Water permits waived for rural VFDs

The provincial government is eliminating some of its requirements for water permits and rental fees for rural fire departments

Watch Lake/North Green Lake Volunteer Fire Department chair Alan Boyd and Cariboo-Chilcotin MLA Donna Barnett were all smiles and thumbs-up at the Shorty Horn Fire Hall near Watch Lake on March 31. Also Minister of State for Rural Economic Development, Barnett had just announced policy changes to ease financial burdens on VFDs by eliminating fees for dry hydrant permits and water useage.

Watch Lake/North Green Lake Volunteer Fire Department chair Alan Boyd and Cariboo-Chilcotin MLA Donna Barnett were all smiles and thumbs-up at the Shorty Horn Fire Hall near Watch Lake on March 31. Also Minister of State for Rural Economic Development, Barnett had just announced policy changes to ease financial burdens on VFDs by eliminating fees for dry hydrant permits and water useage.

The provincial government is eliminating its requirement for water permits and rental fees for rural fire departments to install dry hydrants or otherwise divert, store or draw surface water for fire suppression purpose.

It was announced by Minister of State for Rural Economic Development Donna Barnett on March 31, who says this was made possible though recent changes to the Water Sustainability Act.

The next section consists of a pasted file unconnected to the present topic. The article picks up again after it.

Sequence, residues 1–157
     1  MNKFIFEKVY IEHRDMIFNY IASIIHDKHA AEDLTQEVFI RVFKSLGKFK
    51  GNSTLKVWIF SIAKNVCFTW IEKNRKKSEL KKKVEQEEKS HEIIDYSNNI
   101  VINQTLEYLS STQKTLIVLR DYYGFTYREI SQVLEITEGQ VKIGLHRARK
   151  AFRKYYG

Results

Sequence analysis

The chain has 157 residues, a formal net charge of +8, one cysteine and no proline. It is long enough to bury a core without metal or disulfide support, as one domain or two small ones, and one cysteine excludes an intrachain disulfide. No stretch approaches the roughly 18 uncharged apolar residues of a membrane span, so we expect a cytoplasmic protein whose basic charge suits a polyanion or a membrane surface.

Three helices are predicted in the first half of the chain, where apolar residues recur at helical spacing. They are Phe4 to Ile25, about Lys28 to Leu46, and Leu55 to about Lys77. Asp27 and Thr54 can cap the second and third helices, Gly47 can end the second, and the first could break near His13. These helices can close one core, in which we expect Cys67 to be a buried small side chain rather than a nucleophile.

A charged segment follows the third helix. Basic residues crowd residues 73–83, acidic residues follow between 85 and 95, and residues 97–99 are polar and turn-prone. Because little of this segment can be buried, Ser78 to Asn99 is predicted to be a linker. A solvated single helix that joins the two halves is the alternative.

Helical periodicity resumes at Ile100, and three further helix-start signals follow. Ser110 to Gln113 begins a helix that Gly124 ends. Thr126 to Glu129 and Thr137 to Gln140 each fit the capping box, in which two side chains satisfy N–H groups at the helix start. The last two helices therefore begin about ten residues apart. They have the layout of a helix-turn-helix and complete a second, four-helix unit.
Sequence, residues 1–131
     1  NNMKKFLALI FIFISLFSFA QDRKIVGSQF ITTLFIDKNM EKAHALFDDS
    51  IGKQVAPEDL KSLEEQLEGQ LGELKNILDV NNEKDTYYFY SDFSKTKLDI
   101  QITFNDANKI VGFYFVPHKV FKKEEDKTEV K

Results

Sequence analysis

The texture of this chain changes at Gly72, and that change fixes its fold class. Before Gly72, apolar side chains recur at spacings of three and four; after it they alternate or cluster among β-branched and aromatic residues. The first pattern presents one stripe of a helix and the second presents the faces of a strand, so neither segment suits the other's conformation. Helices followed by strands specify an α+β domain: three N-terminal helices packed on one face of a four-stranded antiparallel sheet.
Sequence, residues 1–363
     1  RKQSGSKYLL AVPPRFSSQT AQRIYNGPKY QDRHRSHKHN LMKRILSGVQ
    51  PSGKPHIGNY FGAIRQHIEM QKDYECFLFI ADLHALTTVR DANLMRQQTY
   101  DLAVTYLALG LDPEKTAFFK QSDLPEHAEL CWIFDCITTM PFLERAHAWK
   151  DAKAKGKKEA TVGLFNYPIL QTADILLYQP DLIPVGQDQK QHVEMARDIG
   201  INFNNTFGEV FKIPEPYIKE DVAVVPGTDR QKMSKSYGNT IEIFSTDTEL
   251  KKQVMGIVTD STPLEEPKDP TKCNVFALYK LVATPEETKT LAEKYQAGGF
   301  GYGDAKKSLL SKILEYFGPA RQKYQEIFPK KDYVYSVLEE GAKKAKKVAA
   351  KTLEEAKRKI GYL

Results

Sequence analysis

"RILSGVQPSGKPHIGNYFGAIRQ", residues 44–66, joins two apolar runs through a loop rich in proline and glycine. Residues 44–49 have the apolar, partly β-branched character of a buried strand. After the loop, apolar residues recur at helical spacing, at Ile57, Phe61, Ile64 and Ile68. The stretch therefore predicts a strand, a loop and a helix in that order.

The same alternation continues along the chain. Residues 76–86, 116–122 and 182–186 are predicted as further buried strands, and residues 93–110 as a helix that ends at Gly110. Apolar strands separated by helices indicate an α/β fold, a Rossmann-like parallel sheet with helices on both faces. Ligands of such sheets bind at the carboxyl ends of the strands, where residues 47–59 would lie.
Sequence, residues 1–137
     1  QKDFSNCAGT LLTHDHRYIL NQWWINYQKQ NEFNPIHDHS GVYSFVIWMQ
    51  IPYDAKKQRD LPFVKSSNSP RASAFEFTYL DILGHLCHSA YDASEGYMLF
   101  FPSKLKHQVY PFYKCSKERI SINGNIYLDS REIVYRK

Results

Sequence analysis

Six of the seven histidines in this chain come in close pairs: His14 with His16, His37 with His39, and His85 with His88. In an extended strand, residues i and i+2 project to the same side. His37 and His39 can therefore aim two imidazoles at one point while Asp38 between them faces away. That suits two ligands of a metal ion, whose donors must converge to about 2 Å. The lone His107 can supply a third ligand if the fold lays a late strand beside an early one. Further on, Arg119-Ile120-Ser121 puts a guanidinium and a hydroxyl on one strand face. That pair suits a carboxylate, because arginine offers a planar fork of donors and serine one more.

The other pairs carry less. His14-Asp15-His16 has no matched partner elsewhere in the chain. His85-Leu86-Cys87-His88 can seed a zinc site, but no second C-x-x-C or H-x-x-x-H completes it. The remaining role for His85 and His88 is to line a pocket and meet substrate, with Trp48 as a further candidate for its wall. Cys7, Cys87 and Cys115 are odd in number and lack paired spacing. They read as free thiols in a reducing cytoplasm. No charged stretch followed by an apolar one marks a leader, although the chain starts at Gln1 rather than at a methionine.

The fire departments to benefit across the rural areas of British Columbia are in need of help with funding, and most of their hardworking firefighters and volunteers need more support to protect their communities, she explains.

Barnett says the Watch Lake/North Green Lake Volunteer Fire Department (WLNGLVFD) previously installed two dry hydrants it had to pay permit fees for to put in, and then annual fees to use water to fight fires (or train members).

This year, the independent fire department with two fire halls that cover a large fire zone area wants to install a third hydrant, and was facing a $1,000 permit fee and $200 annual rental costs it now will no longer be required to pay, she explains.

“This has been a real bugbear,” Barnett says. “It has not been very good for rural volunteer fire departments that have to go and raise their own money.”

Also the Cariboo-Chilcotin MLA, Barnett adds (with a smile) that WLNGLVFD chair Alan Boyd has been “bugging me for years” about this expense to his VFD.

Now, in her strengthened parliamentary role as a rural advocate for policy changes affecting economic development, she says she is pleased to be able to help in her part toward instigating this Order in Council (OIC) by Cabinet.

“I have advocated for policy changes … this was one that was really near and dear to my heart.”

There will no longer be a fee for water use for rural fire departments anywhere in British Columbia, and it also saves on the water use paperwork that is often also borne by volunteers, she adds.

Meanwhile, the province will continue to monitor environmental issues through a 45-day period for a notice of intent to be filed and approved in advance of a dry hydrant installation, so its habitat officers and engineers can review the site to ensure ecosystems will be protected.

Boyd says removal of the licence fee for installation and what he calls its “annual water usage fee” will be of great help to their department, and he is thankful it was approved before the summer fire season hits once again.

100 Mile House Free Press

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